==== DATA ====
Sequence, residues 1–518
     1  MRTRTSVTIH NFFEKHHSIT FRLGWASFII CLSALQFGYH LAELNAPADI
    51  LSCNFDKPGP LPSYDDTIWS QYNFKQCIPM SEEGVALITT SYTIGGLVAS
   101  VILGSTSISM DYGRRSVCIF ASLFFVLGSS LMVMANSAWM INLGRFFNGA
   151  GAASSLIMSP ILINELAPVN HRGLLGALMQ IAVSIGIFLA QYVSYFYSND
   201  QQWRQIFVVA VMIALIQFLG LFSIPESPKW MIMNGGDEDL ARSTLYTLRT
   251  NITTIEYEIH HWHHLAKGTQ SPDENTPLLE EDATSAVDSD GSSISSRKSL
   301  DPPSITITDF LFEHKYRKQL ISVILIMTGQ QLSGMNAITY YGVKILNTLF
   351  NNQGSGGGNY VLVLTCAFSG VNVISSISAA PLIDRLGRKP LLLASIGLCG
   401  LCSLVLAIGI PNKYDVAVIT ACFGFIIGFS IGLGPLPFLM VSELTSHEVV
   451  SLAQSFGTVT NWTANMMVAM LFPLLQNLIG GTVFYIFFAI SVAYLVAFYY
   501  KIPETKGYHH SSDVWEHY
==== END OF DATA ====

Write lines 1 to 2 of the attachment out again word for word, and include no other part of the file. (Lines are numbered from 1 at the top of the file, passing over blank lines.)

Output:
Sequence, residues 1–518
     1  MRTRTSVTIH NFFEKHHSIT FRLGWASFII CLSALQFGYH LAELNAPADI